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BASES AND IT’S DERIVATIVES: A REVIEW

R. G. Mahale*1 and Deepak V. Nagarale

Department of Chemistry, S.S.V.P.S.’s L.K. Dr. P.R. Ghogrey Science College, Dhule, North Maharashtra University, Jalgaon(MS), India.

Article Received on 31/07/2017 Article Revised on 20/08/2017 Article Accepted on 10/08/2017

INTRODUCTION

As environmental consciousness in chemical research and industry has increased, efficient, economic and clean procedures have received increased attention in recent years. The development of a simple and effective method, using an environmentally friendly approach as well as an economical process is in great demand in coordination chemistry. Recent advances in technology have now made microwave energy a more efficient means of heating reactions. Chemical transformations that took hours, or even days, to complete their organic reaction, can now be accomplished in minutes. Microwave irradiation is well known to promote the synthesis of a variety of organic and inorganic compounds, where chemical reactions are accelerated because of selective absorption of microwave by polar molecules.[1-4]

A large number of Schiff bases and their metal complexes have been found to possess important biological and catalytic activity. Due to their great flexibility and diverse structural aspects, a wide range of Schiff bases have been synthesized conventionally and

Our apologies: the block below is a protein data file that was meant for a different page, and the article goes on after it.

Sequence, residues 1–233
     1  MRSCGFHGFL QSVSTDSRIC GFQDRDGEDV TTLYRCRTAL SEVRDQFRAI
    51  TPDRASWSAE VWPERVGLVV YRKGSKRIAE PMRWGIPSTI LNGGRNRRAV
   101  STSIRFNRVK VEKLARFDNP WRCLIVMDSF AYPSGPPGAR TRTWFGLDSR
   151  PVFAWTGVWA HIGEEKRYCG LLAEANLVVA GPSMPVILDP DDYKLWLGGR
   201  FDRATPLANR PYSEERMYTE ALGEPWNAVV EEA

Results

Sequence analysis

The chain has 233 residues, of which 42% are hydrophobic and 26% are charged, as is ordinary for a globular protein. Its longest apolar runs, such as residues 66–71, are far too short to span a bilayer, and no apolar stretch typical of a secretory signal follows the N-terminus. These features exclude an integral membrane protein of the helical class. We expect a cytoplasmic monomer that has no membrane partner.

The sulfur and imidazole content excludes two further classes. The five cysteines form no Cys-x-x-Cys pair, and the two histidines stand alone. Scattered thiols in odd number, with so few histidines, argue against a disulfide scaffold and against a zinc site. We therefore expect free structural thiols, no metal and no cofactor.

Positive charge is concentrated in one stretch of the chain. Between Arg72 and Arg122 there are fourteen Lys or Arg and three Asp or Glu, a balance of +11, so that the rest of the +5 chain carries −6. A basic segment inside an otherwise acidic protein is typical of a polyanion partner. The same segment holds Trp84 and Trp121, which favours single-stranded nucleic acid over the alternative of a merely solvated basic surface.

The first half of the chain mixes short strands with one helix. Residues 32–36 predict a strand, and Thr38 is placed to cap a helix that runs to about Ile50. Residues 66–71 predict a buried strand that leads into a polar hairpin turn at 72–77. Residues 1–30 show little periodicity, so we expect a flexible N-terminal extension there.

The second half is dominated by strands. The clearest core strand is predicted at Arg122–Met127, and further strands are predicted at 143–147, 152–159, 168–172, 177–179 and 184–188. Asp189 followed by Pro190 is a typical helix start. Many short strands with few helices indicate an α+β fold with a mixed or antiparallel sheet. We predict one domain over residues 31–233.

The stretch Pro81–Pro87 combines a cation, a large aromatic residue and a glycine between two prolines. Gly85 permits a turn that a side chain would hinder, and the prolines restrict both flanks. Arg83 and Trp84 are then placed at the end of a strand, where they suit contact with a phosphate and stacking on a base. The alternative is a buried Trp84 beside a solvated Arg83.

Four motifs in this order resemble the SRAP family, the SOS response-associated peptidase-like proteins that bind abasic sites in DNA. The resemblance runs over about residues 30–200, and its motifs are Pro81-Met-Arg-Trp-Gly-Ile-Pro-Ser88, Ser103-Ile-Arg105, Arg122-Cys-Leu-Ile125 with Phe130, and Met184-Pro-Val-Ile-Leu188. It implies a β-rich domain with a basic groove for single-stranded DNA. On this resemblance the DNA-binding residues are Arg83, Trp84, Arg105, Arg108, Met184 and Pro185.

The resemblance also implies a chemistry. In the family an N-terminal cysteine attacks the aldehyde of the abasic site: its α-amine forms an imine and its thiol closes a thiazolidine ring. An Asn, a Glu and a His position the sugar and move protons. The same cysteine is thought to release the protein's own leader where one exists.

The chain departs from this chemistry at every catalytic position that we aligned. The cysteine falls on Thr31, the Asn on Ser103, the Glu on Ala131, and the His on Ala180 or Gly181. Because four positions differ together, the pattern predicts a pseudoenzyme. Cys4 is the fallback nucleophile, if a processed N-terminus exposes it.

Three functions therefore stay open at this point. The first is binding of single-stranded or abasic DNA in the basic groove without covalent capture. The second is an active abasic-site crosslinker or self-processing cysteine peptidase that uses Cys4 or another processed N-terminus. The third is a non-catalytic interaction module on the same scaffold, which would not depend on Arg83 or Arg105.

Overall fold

their complexation behavior was studies. The

development of the field of bioinorganic chemistry has increased the interest in Schiff base complexes, since it has been recognized that many of these complexes may serve as models for biologically important species and were investigated for antifungal, antimicrobial, anti- bacterial, anti-inflammatory, anti-convulsant, anticancer

activities[5-9] and synthesized from Vilsmeier-Hack reactions.[10-13]

D. B. Dupare gave synthesis of metal oxides doped polypyrrole–polyvinyl alcohol blend thin films by in situ chemical oxidative polymerization, using microwave oven on glass substrate for development of Ammonia and Trimethyl ammine hazardous gas sensor. They studied surface morphology as observed in the SEM image. That observed to be uniformly covering the entire substrate surface. The sensors were use for different concentration (ppm) of TMA and Ammonia gas investigation at room temperature (304 k). This study found to possess improved electrical, mechanical and environmental stability metal oxides doped PPY-PVA films.[14]